But even if the 2.8% estimate is revised downward, the economy remains on a solid growth path. That's evident in inventories. Take the computer business: In January, with warehouses bulging, personal-computer makers stopped buying chips and components. But then PC sales surprised many by staying strong--Hewlett-Packard Co. posted a 64% gain in unit shipments over 1995's first quarter. Compaq Computer Corp.'s sales rose 27%. And market forecasts have brightened. Researchers at Dataquest Inc. now predict 19.1% PC sales growth worldwide, down from 25.6% gains in 1995 but "far from a difficult year."
Equipment makers also see ongoing strength. Giddings & Lewis Inc., the largest U.S. machine-tool maker, has steady sales to small manufacturers, who must upgrade their equipment to cut costs. Xerox Corp.'s new-generation copying and printing equipment is fueling sales gains of 5% in the U.S., nearly twice the rate of expansion in the economy overall, and faster growth overseas, especially in Latin America.
Aircraft sales are booming, accounting for most of a 1.5% jump in total factory orders in March alone. Boeing Co. announced it would hire 8,200 workers to lift its monthly production rate from 17 planes to 27 over the next 12 months. Even commercial building is emerging from its long post-1980s' hangover. Atlanta builders, busy finishing Olympic facilities, have orders stacked up for after the Games, while midsize markets across the U.S. are seeing rising rents and pent-up demand for office construction.
In Detroit, second-quarter auto production will be 6% higher than in 1995. Buoyed by consumer confidence, industry economists are raising their 1996 sales forecasts for cars and trucks by 100,000 to 200,000, to 15.3 million. And overall job growth--which averaged 166,000 jobs a month through April--makes retailers hopeful their 1995 slump is behind them: "It seems like the consumer is in good shape," says J.C. Penney Co. economist Ira A. Silver.
By midyear, however, higher interest rates could start to bite. The rise in bond rates since January has already choked off mortgage applications, especially for refinancings, leaving consumers less flexibility to deal with near-record debt. High rates will squeeze household and business spending. But even with a slower second half, GDP is likely to grow by 2.3% for the year. "Six years into an expansion, this sort of sustained growth looks very good," says Lehman Brothers Inc. chief economist Allen M. Sinai.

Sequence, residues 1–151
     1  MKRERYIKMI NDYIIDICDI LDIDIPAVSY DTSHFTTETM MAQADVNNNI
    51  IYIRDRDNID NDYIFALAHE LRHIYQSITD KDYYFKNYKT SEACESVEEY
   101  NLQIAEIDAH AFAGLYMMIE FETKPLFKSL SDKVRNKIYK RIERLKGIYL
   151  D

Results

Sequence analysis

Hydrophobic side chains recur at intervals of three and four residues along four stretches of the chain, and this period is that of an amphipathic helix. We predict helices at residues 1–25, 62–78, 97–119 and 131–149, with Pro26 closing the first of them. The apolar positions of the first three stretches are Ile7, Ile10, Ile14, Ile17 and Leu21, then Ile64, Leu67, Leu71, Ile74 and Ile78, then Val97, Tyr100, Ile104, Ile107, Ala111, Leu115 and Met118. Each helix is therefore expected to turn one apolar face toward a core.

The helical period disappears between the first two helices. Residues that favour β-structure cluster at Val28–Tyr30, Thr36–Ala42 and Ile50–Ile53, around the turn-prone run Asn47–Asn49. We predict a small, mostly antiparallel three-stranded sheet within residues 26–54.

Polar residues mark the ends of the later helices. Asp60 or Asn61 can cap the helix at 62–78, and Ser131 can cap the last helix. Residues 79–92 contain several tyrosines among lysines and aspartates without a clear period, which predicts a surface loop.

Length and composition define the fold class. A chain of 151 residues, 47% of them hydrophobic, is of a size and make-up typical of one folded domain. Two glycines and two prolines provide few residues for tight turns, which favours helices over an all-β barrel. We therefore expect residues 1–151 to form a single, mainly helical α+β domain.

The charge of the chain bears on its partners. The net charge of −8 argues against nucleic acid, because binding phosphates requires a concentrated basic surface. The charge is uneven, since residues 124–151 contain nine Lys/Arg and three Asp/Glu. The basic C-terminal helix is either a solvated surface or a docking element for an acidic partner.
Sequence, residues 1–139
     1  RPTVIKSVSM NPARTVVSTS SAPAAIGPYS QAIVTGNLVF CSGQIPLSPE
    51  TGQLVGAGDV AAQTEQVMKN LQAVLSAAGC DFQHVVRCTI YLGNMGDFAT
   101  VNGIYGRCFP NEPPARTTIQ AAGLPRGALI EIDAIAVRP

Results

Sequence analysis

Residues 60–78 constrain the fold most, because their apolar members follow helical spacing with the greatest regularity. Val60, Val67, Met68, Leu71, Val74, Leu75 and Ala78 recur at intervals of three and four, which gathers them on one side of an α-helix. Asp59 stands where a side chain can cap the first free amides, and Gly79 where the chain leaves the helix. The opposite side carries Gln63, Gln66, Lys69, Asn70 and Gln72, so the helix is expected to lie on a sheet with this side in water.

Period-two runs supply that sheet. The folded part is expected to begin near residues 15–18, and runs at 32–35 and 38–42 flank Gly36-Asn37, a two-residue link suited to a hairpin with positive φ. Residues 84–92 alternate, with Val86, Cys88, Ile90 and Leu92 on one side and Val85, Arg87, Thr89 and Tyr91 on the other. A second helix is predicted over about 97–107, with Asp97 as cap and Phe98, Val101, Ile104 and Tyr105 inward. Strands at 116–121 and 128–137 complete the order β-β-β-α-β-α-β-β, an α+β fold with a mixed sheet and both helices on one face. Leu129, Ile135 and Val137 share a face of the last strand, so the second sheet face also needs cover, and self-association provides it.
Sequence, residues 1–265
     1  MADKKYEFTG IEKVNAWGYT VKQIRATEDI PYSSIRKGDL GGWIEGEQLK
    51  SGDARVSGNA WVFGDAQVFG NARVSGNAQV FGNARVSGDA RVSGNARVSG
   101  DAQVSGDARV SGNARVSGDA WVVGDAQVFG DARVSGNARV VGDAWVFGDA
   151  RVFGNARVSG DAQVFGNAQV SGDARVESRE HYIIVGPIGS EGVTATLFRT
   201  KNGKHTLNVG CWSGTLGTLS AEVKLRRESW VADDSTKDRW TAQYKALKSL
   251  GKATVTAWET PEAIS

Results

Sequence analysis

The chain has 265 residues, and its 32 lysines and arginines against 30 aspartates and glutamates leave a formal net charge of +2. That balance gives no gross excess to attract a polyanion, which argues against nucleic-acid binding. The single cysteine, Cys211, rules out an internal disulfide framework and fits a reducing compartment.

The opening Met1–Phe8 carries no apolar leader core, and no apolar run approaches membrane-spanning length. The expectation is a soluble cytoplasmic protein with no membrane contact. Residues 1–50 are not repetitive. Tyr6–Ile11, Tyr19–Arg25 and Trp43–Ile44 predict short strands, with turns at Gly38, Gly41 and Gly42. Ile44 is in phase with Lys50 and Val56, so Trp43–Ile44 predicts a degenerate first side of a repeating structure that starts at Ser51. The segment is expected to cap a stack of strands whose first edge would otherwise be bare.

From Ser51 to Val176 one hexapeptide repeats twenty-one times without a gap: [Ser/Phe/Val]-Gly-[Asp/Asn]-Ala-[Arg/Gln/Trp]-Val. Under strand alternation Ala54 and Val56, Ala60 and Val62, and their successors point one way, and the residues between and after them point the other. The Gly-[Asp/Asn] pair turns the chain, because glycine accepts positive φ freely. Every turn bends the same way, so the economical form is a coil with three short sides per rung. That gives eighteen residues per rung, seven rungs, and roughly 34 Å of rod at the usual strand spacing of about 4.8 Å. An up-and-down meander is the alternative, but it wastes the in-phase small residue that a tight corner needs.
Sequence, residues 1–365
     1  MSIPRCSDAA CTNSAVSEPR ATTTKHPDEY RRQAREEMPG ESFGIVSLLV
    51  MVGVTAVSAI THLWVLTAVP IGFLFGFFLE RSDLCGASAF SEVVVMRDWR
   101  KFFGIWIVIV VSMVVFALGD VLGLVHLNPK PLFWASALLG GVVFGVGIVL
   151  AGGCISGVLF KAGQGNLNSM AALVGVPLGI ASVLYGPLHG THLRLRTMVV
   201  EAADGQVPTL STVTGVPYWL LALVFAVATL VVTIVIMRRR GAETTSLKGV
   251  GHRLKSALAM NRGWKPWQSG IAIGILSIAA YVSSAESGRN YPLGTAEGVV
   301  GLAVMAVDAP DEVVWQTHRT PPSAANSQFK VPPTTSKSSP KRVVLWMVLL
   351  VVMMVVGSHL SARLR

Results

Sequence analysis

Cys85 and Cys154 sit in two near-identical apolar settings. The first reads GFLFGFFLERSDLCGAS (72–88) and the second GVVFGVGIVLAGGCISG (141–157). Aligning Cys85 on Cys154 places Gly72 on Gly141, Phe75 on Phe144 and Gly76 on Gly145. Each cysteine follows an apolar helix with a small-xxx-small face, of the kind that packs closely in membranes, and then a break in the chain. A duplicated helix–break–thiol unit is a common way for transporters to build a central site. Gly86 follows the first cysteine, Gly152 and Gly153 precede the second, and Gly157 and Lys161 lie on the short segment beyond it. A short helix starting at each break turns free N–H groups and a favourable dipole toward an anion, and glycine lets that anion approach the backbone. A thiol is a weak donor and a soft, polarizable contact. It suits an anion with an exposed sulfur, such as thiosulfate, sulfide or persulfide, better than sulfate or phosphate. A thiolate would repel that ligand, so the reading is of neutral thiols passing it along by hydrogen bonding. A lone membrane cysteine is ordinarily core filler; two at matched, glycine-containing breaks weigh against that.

PALPABLE RELIEF. Nowhere does it look better than at 1600 Pennsylvania Ave. Though they're wary of sounding too bullish--and angering voters fearful of job losses and slow wage growth--Clintonites can't help crowing. "Look at what businesses are doing--they're investing," says Treasury Secretary Robert E. Rubin. "That's a validation of our policies." For political aides, the relief is palpable: "The numbers have killed the Republican effort to talk about a `Clinton crunch,"' says a senior official in the White House.
Well, not quite. GOP nominee-in-waiting Senator Bob Dole (R-Kan.) and other Republicans seized on April's weak jobs report to blast the "treadmill economy" in which people work ever harder but never get ahead. "Clinton's high-tax, big-government policies have sucked life out of the economy," charges Republican National Committee Chair Haley Barbour.
Whose version of the economy will voters recognize? Based on growth and inflation rates alone, "this election is too close to call," says Yale University political economist Ray C. Fair. But if the numbers keep living up to the Fed's expectations, the White House should keep its champagne well chilled.